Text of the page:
Foxconn Technology Group first fell into the American public’s eye after being heavily criticized by the media for their brutal, often dehumanizing working conditions. Recently, the Chinese manufacturing giant reentered the American spotlight, taking its first steps towards expanding operations into North American markets.

When Foxconn confirmed that it would be looking to establish manufacturing facilities in the U.S., states began to salivate at the opportunity to lure in the Eastern industrial titan which had long dominated China’s massive electronics manufacturing industry. Michigan was quick to offer the company roughly 3.8 billion in tax incentives in a bid to attract the tech giant. States like Ohio, Pennsylvania and Texas were also being considered.

But ultimately, it was Wisconsin that managed to reel in Foxconn’s signature.

With a tantalizing offer of over three billion in tax incentives, Wisconsin was promised a dazzling state of the art manufacturing facility as well as a host of “innovation centers” scattered about the state. President Trump considered the proposed manufacturing facility a massive victory, hailing the future factory as “the eighth wonder of the world.” At the time, it seemed Wisconsin had secured their position as ground zero for the revival of domestic American manufacturing.

Fast forward to the present day, and the 13,000 new jobs Foxconn promised have yet to materialize. The company has invested in properties throughout the state, including a seven-story office building in Milwaukee and an older manufacturing facility in downtown Milwaukee.

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But despite the establishment of such locations, Foxconn only employs roughly 520 people in the United States — significantly less than originally proposed. It seems the once-promising deal has manifested itself as little more than a host of buildings filled with nothing but empty promises. In response to questions regarding their lack of progress in Wisconsin, Foxconn officials have repeatedly declined to comment. 

Originally, the proposed plant was to be an LCD screen manufacturing facility. But, plans for the facility are now up in the air after Foxconn stated the plant may be used to produce any number of products from server racks to robotic coffee kiosks. Foxconn’s uncertainty as to the future of the factory has lead to questions regarding the continuing validity of their contract, is a robotic coffee kiosk plant worth the billions in tax credit originally agreed upon? 

Observing the increasingly hazy future of Milwaukee’s next manufacturing powerhouse as well as the undefined purpose of Foxconn’s “innovation centers,” Wisconsin officials have pressed Foxconn to sit down for a renegotiation, threatening to pull tax incentives if terms are not re-discussed. In response, or rather in retaliation, Foxconn responded to requests with relative silence, accompanied by a clear sentiment that they still intend to file for tax benefits.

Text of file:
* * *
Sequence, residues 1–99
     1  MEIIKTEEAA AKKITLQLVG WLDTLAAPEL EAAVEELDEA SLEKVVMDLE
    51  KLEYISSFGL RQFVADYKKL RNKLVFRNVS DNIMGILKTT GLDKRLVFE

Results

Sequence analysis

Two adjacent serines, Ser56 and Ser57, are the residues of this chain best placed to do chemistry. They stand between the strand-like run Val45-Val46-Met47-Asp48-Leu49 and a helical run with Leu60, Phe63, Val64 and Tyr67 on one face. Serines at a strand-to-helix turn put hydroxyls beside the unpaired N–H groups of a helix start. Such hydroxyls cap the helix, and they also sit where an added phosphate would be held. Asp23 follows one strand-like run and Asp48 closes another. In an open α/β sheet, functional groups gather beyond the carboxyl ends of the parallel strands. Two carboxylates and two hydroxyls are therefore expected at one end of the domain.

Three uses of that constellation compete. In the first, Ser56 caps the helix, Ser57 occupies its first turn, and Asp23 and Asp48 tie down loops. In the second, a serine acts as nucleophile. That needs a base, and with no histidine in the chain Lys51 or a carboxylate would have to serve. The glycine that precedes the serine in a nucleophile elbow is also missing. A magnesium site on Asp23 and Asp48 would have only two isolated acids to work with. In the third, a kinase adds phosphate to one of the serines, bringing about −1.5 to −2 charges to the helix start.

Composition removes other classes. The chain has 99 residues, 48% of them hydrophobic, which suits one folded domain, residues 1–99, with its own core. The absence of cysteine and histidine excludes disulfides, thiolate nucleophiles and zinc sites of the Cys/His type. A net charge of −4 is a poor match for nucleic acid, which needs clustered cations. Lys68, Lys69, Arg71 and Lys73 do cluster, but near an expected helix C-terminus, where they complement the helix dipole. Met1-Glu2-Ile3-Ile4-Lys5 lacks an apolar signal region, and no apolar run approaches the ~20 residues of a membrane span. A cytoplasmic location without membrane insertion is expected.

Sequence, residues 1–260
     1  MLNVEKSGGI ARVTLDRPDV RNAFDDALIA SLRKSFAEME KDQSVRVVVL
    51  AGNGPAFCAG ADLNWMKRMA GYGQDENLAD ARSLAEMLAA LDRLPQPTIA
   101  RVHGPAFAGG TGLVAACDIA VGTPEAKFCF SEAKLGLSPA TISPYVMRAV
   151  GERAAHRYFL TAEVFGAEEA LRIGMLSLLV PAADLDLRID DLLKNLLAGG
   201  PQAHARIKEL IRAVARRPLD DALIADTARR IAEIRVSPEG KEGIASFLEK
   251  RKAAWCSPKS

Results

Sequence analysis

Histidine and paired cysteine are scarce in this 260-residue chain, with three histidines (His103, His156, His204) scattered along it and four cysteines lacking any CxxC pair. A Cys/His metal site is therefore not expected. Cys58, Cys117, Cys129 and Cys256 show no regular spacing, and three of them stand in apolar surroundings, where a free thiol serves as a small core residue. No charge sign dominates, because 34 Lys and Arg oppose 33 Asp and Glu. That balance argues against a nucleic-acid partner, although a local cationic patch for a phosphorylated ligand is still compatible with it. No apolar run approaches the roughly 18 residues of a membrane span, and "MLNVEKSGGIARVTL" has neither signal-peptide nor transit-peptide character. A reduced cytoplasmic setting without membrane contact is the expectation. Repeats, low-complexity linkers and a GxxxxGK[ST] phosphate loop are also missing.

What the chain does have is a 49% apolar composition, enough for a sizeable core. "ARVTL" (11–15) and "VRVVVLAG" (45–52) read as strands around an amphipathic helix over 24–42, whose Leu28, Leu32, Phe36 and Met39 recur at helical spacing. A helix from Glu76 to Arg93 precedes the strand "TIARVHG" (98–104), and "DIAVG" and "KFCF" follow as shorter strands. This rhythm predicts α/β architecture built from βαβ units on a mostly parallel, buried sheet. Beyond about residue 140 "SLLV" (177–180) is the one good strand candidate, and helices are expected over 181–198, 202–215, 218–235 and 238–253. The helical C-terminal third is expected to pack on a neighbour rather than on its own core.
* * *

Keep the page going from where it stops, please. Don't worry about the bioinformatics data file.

Foxconn broke their silence through a short letter issued to the Wisconsin Economic Development Corporation, requesting that the company receive tax subsidies under the original contract regardless of the plant’s intended function. Since issuing said correspondence, Foxconn has taken the stance that their right to file for subsidies is not contingent upon what sort of facility they construct. The apparent instability of the contract at hand has led some to question whether or not a legal scuffle between the state and Foxconn may be afoot.   

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Since 2019, the company has stated its intent to focus further efforts on its innovation centers in Green Bay and Racine, both of which have been vaguely advertised as centers to promote entrepreneurship. Foxconn’s innovation centers will supposedly aim to recruit from local universities, a mission that is poised to benefit University of Wisconsin system graduates. But much like the rest of Foxconn’s American endeavor, the innovation centers have been shrouded with skepticism. 

Best case, they build out the initial proposal of this innovation center with, you know, 200-plus employees,” Green Bay Director of Development Kevin Vonck said. “Worst case … they don’t do anything at all and become an absentee landlord.”

So, as questions regarding the future of Foxconn’s American activities pile up, we have to wonder whether the Chinese giant has any plans to shift its efforts towards the American market or whether their arrival was more or less a political stunt. As of now, the agreement sits in a strange sort of limbo, with development creeping along not only at a questionable pace, but also in a questionable direction. 

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Over the course of Foxconn’s relationship with the state of Wisconsin, very little discernible benefit has surfaced. Yet, the state continues to pursue the Chinese megacorporation’s business.

The entire scenario naturally elicits a number of pertinent questions. Should the state of Wisconsin choose to oust Foxconn entirely? Should Wisconsin officials continue negotiations despite Foxconn’s avoidantly aggressive style of economic discussion? Does Foxconn even see the U.S. as a viable outlet for their business? Whether or not Foxconn is to blame for being a poor tenant, or if the state of Wisconsin is at fault for being economically inhospitable — this interaction stands to act as a precedent for the future movement of Chinese manufacturing onto American soil. 

The president has framed Foxconn as a bastion of the American industry and a much-needed savior in the battle to retain domestic jobs. But so far, Wisconsin has had to bear the burden of a massive corporation that may or may not hold up their end of the deal.

John Grindal ([email protected]) is a freshman studying computer science and neurobiology.